Businesses oppose West Victoria Street closure
To help support and accommodate local restaurants who cannot seat customers inside, the city of Santa Barbara sealed off all traffic from West Victoria Street, from State Street to Chapala Street on Thursday.
Mimicking the closure of State Street downtown to create a promenade, the closure aims to help restaurants within the Public Market, along with Scarlett Begonia, Olio E Limone and bouchon.
While restaurant owners praised the decision of the city, business owners also in the area expressed concern with how their businesses will be affected, and some said they felt they weren’t considered in the decision-making process.
Jill Seltzer is the managing director of the Ensemble Theatre Company at The New Vic, located at 33 W. Victoria St.
“Ensemble Theatre Company only learned about the proposed closure of the block of West Victoria on which The New Vic sits in the past few days,” Ms. Seltzer told the News-Press. “We do have some long-term concerns about what the decision means for ETC and The New Vic, and we look forward to addressing those concerns with the city.”
Nikki Ayers owns Ayers Automotive Repairs at 1301 Chapala St. She has run the business in that location for 43 years.
“I’ve still not had one person from the city contact me, which I think is wrong,” she said to the News-Press. “I think I deserve some consideration. I don’t think anybody’s really taken into account the bigger picture here.”
Ms. Ayers said changing the traffic flow will be difficult for her repair shop, and she now has to figure out new ways and marketing strategies to direct her customers to the right place.
“The majority of my customers are older and we try to keep them away from the corridor where the bus station is so they’re out of the buses,” she said. “So having them come over from the Riviera just down and over Victoria is simple. It’s easy.”
Now, she fears her customers being able to find her shop and getting around the heavily trafficked area.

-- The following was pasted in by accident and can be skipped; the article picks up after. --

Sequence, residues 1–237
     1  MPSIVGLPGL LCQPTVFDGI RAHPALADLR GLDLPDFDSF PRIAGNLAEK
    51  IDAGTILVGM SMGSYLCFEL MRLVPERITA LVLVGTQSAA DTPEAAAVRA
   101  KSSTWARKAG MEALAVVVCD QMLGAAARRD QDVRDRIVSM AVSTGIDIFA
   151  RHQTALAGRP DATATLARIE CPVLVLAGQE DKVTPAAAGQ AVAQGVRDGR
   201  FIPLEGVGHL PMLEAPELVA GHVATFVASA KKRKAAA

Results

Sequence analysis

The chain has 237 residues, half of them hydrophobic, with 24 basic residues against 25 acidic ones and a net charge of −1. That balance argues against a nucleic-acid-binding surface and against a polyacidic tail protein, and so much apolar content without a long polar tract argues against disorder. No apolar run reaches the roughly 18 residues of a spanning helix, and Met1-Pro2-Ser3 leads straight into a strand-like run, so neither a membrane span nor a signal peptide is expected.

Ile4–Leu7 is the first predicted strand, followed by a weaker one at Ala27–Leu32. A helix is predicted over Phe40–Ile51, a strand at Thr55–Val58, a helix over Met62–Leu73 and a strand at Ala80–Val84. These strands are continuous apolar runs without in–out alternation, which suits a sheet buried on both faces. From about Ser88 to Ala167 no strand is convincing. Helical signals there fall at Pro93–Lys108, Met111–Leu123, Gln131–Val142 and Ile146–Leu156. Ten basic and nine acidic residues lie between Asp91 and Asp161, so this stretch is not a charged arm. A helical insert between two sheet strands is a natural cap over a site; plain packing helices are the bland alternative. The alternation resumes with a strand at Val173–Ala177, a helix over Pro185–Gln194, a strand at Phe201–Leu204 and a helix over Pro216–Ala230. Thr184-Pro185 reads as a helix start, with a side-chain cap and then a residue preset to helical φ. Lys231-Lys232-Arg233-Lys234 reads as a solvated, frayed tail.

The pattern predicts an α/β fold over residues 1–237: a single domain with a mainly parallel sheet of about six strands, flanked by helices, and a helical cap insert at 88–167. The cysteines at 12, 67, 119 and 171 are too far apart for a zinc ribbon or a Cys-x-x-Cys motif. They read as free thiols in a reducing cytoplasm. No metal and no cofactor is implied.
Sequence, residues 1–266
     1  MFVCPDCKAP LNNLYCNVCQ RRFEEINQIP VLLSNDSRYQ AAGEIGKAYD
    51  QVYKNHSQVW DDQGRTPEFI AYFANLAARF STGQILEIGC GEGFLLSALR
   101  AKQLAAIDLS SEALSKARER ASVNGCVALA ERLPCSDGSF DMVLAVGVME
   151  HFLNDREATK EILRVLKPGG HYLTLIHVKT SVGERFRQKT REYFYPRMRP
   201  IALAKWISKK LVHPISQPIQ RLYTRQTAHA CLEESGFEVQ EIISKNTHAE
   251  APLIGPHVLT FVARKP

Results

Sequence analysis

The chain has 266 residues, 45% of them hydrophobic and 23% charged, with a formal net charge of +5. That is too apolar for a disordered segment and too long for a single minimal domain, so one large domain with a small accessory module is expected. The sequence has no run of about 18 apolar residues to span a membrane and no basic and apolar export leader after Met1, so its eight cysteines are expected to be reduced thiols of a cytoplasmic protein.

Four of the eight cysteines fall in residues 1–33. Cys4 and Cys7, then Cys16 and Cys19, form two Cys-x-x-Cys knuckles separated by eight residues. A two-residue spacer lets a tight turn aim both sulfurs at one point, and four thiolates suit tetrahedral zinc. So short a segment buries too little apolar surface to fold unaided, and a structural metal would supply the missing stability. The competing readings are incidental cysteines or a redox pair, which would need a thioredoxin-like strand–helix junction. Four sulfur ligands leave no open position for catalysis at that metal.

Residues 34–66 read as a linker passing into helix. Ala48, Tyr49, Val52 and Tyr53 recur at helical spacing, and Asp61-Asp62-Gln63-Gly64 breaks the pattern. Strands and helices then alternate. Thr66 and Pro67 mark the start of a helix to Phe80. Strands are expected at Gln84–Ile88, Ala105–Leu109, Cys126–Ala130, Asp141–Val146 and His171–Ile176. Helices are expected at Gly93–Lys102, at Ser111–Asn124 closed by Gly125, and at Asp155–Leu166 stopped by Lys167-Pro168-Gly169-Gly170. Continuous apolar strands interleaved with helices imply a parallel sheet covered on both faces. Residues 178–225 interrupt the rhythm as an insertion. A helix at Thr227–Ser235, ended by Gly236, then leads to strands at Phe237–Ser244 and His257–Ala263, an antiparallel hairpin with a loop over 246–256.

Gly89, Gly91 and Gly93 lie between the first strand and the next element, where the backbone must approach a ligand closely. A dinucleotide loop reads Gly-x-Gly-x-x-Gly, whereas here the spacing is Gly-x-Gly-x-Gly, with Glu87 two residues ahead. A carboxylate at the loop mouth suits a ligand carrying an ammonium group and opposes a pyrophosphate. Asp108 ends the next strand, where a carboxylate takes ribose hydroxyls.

In addition, Ms. Ayers is worried about the parking spaces that will be removed, cars that drop off handicapped individuals in front of the restaurants, delivery trucks and what she sees as an unnatural detour.
“I have to pay (the downtown organization fee) just like everybody else here has to pay it, so I think I should be considered,” the owner said. “I think parklets were a good idea, so what’s wrong with a parklet over here on Victoria street?”
She said she tried contacting the city prior to the closure to express her opposition, but when she did that, she was asked to prove how this would negatively affect her business.
“I have to prove to them how it’s going to harm my business such as car count and things like that. How can I tell them that? I don’t know. And I don’t think that’s my job to tell them. I think it’s their job to do a study themselves,” Ms. Ayers said. She added that she “can’t get a straight answer out of anybody” about how long it’s going to last.
On top of that, she said she only had a few days to speak up.
“I fully feel for the smaller businesses and restaurants, but I’m a small business too,” she said. “Not everybody’s happy.”
In addition, she mentioned that if it came down to a petition for a permanent closure, “I will fight that.”
Marge Cafarelli, the owner of the Public Market, called the closure a “lifeline.”
“I’ve been communicating with Ensemble and there’s no issue with traffic flow,” she said. “We’ve left a whole lane for emergency vehicles. Ensemble isn’t blocked at all.
“I’m very happy. The Public Market has already got about 60 seats out in the street,” Ms. Cafarelli told the News-Press. “This is all when we’re shut down. When we get back up and running and Ensemble is able to seat people, that will be a happy day because we’ll be able to seat people inside, too.”
Mitchell Sjerven, the owner of bouchon, said he’s a “huge fan” of the closure.
“I know there was some controversy with some of the blocks on State Street, but we were universal in our approach here because we’re all more or less in the same boat,” he told the News-Press. “Businesses and restaurants love the idea of being able to have this street for our guests to be able to dine safely outside.
“I think it’s a wonderful opportunity to try to enhance what we’ve already started on State Street and see what sort of impact it could have with a side street in conjunction. It’s probably the best place to experiment with it. We have the highest concentration of restaurants in Santa Barbara besides the Funk Zone.”